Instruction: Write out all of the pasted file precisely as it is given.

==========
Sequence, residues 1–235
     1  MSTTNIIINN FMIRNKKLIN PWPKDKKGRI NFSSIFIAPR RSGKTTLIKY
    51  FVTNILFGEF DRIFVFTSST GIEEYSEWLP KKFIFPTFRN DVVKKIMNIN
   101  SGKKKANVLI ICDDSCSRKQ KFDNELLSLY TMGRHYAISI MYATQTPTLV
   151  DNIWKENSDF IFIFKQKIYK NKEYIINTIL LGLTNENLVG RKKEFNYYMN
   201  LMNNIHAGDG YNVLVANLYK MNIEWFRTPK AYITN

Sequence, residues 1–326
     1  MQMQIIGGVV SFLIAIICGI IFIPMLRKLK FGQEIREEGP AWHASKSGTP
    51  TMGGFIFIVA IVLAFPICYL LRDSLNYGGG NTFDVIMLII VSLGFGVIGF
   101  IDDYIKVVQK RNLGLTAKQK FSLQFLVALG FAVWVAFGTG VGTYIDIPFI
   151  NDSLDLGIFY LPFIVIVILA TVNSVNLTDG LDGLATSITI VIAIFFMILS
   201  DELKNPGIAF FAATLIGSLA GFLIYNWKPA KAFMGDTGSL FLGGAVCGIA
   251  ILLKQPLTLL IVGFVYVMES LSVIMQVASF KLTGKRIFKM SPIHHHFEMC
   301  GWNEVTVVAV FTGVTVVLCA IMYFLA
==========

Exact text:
Sequence, residues 1–235
     1  MSTTNIIINN FMIRNKKLIN PWPKDKKGRI NFSSIFIAPR RSGKTTLIKY
    51  FVTNILFGEF DRIFVFTSST GIEEYSEWLP KKFIFPTFRN DVVKKIMNIN
   101  SGKKKANVLI ICDDSCSRKQ KFDNELLSLY TMGRHYAISI MYATQTPTLV
   151  DNIWKENSDF IFIFKQKIYK NKEYIINTIL LGLTNENLVG RKKEFNYYMN
   201  LMNNIHAGDG YNVLVANLYK MNIEWFRTPK AYITN

Sequence, residues 1–326
     1  MQMQIIGGVV SFLIAIICGI IFIPMLRKLK FGQEIREEGP AWHASKSGTP
    51  TMGGFIFIVA IVLAFPICYL LRDSLNYGGG NTFDVIMLII VSLGFGVIGF
   101  IDDYIKVVQK RNLGLTAKQK FSLQFLVALG FAVWVAFGTG VGTYIDIPFI
   151  NDSLDLGIFY LPFIVIVILA TVNSVNLTDG LDGLATSITI VIAIFFMILS
   201  DELKNPGIAF FAATLIGSLA GFLIYNWKPA KAFMGDTGSL FLGGAVCGIA
   251  ILLKQPLTLL IVGFVYVMES LSVIMQVASF KLTGKRIFKM SPIHHHFEMC
   301  GWNEVTVVAV FTGVTVVLCA IMYFLA